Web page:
Wiley's Wisdom

Joy: From the Ground Up

The Truth About Neediness January 6, 2015

I think it’s supposed to be an insult. Or maybe something akin to a bad thing. But I refuse to see it that way. Not today. Not ever.

To me me there is never a bad time for snuggles, cuddles and pets. All things hug-related are more than welcome in my world any time. But there are certain times when it’s not just welcome. It’s almost like a need. Hence the nickname I (proudly) earned today.

Needy. From the ground up, it’s no insult to me. I heard it a bunch today, because I wouldn’t leave mom alone. I pushed and shoved and strategically placed myself in all kinds of compromising positions to be near her today. I climbed up onto her lap. I snuggled into her legs. I needed her, because I think she needed me. Feeling Blue

Call it doggie instinct, but something is definitely up with her recently. She seems distracted and nervous about something I can’t quite put my paw on. So to me I am simply fulfilling my doggie duty to her by being this so-called “needy.” For me it’s one of the only ways I can show how much I care.

And in truth, I think we all need to be a little needy from time to time. Whatever the reason, life happens and it’s not always pretty. Like yesterday when everyone I know seemed to be having a bad day. Or today, when lives are turned upside down by car accidents and car troubles due to the extremely frigid weather. Bad days happen.

And when they do, it’s okay to be needy. It’s okay to ask for help. It’s okay to find a shoulder to cry on. It’s okay not to be perfect. And if you are blessed enough to have people to rely on, now is the time. Not tomorrow or the next day.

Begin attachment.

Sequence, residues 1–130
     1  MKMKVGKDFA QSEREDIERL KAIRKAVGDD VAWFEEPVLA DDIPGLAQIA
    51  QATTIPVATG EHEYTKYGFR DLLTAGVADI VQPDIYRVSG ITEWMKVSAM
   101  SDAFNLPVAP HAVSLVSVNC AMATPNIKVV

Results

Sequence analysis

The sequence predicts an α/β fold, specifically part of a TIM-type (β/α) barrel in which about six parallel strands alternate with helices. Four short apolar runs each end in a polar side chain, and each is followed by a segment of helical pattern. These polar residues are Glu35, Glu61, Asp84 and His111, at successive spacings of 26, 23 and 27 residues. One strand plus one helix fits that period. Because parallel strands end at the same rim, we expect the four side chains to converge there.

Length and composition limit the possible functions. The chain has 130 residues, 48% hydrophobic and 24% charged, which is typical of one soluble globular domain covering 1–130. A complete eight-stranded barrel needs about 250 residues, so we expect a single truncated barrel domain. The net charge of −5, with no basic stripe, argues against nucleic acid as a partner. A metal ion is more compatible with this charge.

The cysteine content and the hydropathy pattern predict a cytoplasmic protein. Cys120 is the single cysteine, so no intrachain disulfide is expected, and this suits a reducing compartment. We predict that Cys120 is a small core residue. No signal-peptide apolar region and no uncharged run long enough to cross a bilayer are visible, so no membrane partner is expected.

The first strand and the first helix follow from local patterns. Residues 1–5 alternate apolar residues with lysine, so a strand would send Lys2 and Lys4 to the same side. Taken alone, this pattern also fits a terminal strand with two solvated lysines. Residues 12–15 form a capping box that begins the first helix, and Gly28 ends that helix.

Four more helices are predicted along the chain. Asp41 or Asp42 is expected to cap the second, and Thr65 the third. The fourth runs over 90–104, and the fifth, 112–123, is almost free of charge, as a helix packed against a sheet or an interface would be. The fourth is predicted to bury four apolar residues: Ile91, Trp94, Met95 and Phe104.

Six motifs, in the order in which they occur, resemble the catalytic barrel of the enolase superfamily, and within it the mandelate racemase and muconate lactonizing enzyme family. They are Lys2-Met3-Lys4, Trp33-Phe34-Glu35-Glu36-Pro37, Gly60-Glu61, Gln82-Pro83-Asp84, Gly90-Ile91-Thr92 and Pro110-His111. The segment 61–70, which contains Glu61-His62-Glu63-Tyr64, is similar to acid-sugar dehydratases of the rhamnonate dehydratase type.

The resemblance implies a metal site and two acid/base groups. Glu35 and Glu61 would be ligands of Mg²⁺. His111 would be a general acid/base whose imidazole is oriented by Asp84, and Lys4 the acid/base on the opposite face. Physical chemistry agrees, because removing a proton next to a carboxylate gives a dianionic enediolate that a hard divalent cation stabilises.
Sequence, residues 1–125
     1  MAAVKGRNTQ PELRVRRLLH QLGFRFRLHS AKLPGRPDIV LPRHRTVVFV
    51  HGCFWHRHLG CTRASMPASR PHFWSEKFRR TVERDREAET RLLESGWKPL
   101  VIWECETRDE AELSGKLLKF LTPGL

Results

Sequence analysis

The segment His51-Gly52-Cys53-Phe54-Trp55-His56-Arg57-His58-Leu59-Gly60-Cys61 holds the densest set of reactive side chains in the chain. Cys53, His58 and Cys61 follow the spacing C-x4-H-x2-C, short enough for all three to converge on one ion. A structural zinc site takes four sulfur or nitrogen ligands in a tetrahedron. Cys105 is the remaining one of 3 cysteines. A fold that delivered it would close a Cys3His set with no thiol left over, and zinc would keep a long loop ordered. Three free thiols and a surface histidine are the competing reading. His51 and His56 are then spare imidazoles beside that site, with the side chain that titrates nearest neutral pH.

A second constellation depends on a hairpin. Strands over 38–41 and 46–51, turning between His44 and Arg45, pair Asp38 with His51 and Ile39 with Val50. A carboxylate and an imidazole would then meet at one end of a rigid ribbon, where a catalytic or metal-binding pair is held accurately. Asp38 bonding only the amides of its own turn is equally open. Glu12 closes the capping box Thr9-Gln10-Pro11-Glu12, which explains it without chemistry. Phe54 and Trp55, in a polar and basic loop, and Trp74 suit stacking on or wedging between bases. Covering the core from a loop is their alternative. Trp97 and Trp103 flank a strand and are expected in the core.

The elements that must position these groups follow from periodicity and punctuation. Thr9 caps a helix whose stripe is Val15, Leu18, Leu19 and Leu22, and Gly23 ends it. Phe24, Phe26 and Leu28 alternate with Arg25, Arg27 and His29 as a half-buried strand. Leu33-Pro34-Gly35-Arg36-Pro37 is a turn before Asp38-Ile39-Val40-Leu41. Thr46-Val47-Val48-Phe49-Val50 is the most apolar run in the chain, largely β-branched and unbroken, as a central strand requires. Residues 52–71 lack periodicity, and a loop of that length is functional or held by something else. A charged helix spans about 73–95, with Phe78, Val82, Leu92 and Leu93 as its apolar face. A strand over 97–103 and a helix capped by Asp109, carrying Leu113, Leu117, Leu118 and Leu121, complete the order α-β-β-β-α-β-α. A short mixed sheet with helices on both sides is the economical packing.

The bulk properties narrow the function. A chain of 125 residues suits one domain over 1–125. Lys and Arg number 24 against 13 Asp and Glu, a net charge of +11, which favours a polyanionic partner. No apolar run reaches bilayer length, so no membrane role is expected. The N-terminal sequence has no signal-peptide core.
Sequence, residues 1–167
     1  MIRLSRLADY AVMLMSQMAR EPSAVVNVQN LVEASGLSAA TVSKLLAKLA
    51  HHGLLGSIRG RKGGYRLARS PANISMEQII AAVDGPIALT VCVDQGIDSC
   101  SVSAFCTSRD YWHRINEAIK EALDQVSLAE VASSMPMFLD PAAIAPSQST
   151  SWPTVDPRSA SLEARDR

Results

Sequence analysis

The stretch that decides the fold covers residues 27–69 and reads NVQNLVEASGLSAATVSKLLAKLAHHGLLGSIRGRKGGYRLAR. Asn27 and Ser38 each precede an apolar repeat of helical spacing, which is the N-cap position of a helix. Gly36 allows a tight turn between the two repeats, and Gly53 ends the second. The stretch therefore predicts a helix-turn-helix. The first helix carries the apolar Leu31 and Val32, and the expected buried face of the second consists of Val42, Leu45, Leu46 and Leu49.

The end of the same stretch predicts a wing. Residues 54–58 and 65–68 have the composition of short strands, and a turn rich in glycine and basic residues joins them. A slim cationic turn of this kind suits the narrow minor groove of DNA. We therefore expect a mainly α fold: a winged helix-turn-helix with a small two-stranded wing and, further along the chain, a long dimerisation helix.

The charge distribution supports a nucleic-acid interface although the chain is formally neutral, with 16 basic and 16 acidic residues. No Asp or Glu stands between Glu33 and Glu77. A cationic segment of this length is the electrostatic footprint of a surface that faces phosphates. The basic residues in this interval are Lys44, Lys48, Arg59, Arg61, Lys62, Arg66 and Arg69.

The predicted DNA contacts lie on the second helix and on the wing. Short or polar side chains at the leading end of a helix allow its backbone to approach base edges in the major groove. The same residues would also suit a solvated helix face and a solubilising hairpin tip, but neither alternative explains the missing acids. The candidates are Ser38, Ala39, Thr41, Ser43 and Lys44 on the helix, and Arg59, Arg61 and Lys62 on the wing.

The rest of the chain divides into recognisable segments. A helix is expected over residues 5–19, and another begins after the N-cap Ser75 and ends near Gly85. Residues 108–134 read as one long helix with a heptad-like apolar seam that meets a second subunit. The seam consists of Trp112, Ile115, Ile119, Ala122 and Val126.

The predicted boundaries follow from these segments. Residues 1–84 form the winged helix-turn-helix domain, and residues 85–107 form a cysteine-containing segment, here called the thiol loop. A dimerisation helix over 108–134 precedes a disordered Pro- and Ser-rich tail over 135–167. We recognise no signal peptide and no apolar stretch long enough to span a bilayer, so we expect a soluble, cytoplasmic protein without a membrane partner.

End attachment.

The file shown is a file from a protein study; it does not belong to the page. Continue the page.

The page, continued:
So they call me needy. That’s okay. Because I am a firm believer in the words of Danish philosopher Soren Kierkegaard, who suggested “life is not a problem to be solved, but a reality to be experienced.” If my experience is a needy one, so be it. It simply means I’m doing my part in life.

 

 

 

 

Dive Right In September 18, 2013

Water. I know it’s necessary for living. And for staying clean. But I just can’t understand why anyone (human or canine) would choose to spend any given amount of time immersed in water. My mom likes swimming in it, and I know there are certain breeds of dogs who love retrieving things from it, but the concept is one that just doesn’t make any sense to me.   In the Deep End

I can’t say I have a good reason for my opinion. It’s not like I ever had a bad experience that now haunts me or anything like that. I just don’t like it. But I do think there is something to be learned from the practice of swimming so maybe it’s not all bad. I got to thinking about this tonight after mom got home very much later than usual from that place called work. Apparently she spent the day at meetings listening to various people talk about all things interesting that relate to her job. Some speakers were more poignant than others, she told dad, which made for a long day. (She’s telling me! I hate when she gets home so late…talk about a long day!)

From what I’ve heard, public speaking is one of those things more people dislike than like. Kind of like dogs and water. As I thought about it, something unites these two seemingly unrelated opinions: fear. One of my very least favorite emotions. It’s right up on my list of disliked emotions with timid, anxious and shy. No one I know would use these words to describe me, but that wasn’t always the case.